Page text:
"It's a story of convenience," said Cohen.

Apple Watch, and to a smaller extent Android Wear, have captured bankers' dollars in developing apps for the newer smart watches. Most of the apps have launched with the tried-and-true basics like alerts and account balances but without the need to log in. The watch apps are tethered to their ancestor smartphones.

In the medium term, perhaps a few months from now, smart watches are seen as a more obvious way to inform consumers about their spending habits by, say, flashing a budgeting alert when someone enters a retail shop. The watches, after all, are meant to be worn instead of shoved into a purse or a pocket.

It remains to be seen what consumers will want to buy and wear. A recent study from Carlisle & Gallagher Consulting Group found 82% of consumers would not purchase a wearable device. And it seems more than a little ironic to have to pay for something to stay savvier on personal finances.

Still, USAA, Citi, the neobank Moven and a cadre of community banks already have watch apps available to their customers.

"We have been watching wearables for a long time," said Pat Kelly, USAA's executive director of emerging channels. The San Antonio financial services company sees the timing as right for watch banking, especially for its member base: mobile military members who have already expressed interest in wearable banking.

"We believe the watch is about helping you now or in the immediate future," said USAA's Kelly.

USAA's watch banking apps, like rivals', includes the basics like account balances and alerts. But it's easy to imagine a day when more personal finance features come to these devices. In fact, Citi has launched an Apple Watch app that offers color-coded visuals of how close users are to their credit limits.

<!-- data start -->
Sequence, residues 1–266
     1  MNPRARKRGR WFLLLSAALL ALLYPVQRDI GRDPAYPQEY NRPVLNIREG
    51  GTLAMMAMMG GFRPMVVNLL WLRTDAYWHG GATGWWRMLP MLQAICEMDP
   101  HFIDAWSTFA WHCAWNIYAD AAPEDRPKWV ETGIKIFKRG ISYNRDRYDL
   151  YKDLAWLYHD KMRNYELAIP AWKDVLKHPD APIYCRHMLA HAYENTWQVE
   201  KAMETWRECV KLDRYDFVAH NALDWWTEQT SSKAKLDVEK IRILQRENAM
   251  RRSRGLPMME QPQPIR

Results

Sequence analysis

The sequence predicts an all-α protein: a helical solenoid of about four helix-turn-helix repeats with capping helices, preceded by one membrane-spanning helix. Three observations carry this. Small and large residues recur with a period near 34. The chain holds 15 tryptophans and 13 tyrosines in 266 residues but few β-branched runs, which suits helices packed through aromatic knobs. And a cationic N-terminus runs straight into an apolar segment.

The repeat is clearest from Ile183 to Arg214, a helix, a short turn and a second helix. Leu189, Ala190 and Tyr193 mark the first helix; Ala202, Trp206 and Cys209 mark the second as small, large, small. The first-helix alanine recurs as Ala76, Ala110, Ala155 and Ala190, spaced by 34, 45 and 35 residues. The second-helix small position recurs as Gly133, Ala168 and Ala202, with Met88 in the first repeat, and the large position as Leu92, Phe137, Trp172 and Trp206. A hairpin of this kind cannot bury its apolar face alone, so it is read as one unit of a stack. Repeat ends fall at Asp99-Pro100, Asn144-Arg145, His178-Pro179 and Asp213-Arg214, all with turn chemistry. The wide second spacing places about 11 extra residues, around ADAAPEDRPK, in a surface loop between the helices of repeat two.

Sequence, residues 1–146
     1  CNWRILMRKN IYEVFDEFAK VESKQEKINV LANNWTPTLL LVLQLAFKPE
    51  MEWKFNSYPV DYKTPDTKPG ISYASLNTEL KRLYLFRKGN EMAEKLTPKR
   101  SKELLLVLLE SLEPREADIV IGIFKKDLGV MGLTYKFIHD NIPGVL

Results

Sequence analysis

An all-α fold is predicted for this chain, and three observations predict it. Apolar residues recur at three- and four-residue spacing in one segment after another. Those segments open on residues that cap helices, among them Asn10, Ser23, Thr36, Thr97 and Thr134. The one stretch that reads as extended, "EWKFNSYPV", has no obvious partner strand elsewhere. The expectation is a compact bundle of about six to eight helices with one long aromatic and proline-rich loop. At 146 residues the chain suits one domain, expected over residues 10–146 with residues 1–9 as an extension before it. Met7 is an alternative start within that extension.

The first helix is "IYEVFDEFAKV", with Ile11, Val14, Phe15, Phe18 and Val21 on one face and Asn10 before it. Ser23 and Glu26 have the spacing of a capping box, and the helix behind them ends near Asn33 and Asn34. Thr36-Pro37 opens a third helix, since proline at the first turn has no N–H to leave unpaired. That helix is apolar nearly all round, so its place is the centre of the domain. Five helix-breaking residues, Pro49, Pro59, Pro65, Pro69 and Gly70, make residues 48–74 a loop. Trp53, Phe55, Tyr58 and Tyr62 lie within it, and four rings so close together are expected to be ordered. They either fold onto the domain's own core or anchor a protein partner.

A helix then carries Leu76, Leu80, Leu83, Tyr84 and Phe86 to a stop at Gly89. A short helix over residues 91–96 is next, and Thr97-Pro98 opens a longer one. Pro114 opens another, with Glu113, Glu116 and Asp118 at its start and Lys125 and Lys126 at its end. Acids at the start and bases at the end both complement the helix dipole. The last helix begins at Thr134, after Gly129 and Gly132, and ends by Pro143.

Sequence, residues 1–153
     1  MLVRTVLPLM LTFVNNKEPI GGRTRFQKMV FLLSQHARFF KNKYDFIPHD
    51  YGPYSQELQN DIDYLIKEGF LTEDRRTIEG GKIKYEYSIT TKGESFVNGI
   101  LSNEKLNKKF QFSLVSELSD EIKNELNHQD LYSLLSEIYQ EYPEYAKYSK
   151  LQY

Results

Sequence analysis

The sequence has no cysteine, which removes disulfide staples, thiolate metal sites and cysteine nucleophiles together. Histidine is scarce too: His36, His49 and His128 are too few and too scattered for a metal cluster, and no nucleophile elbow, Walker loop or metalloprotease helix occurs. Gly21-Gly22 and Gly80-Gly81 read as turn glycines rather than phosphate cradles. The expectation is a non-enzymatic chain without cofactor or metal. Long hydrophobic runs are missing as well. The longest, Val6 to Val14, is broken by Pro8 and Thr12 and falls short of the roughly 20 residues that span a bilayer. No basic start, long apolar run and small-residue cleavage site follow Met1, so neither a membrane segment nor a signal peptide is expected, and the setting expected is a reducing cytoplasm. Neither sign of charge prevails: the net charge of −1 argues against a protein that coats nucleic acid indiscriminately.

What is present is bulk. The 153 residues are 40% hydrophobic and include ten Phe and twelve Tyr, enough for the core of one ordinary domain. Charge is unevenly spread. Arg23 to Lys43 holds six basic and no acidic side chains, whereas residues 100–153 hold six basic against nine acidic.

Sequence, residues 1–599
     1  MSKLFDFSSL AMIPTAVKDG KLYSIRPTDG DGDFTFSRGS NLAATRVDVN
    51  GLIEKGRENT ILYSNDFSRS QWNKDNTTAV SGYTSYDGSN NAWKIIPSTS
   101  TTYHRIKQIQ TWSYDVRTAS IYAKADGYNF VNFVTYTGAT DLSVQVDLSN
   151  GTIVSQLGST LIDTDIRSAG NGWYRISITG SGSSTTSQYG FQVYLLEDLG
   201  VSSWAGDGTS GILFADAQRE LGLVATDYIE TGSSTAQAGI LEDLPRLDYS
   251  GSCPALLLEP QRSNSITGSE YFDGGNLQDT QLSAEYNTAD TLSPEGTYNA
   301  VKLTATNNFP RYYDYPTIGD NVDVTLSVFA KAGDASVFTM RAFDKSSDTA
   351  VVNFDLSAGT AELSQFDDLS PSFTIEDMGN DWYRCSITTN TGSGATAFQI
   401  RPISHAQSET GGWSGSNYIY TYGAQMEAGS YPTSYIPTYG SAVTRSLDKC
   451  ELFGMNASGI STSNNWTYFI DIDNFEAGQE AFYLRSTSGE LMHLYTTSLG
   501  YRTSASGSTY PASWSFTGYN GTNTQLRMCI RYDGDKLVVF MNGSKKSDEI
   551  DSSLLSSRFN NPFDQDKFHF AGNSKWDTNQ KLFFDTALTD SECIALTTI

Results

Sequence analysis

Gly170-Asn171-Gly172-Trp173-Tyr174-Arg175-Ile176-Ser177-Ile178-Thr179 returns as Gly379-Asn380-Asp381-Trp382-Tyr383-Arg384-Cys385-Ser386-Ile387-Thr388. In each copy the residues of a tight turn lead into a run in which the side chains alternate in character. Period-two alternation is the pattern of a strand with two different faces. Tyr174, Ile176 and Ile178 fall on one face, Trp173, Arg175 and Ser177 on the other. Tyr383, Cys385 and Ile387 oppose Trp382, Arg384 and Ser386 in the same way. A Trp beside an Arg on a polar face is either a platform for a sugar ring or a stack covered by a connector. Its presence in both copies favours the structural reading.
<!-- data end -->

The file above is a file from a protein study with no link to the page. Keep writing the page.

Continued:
Digital Insight, a unit of the ATM maker NCR, is piloting an Android Wear app for Wright-Patt Credit Union members, to reach tech-savvy customers, including young audiences. Digital Insight is kicking around watch banking ideas like flashing common banking activities for a set time or day.

"We're at the beginning of the journey," said Marshall Yuan, senior product manager at DI Labs, the vendor's innovation unit.

Some firms are viewing wearable devices as a tool to influence the price of insurance. In exchange for collecting data on gym habits, an insurance company is already giving discounts on policy plans, for example.

Still, there are questions about the degree to which people are willing to share their data, how secure these devices will be, how long the battery life lasts and whether the new business models will favor some customers to others' disadvantage. All of which was part of a heated discussion on the potential of IoT at the recent Milken Institute Global Conference.

"We can't even protect the stuff we have online today," said Marc Goodman, author of "Future Crimes" and chair for policy, law and ethics at Singularity University, during a panel at the April confab.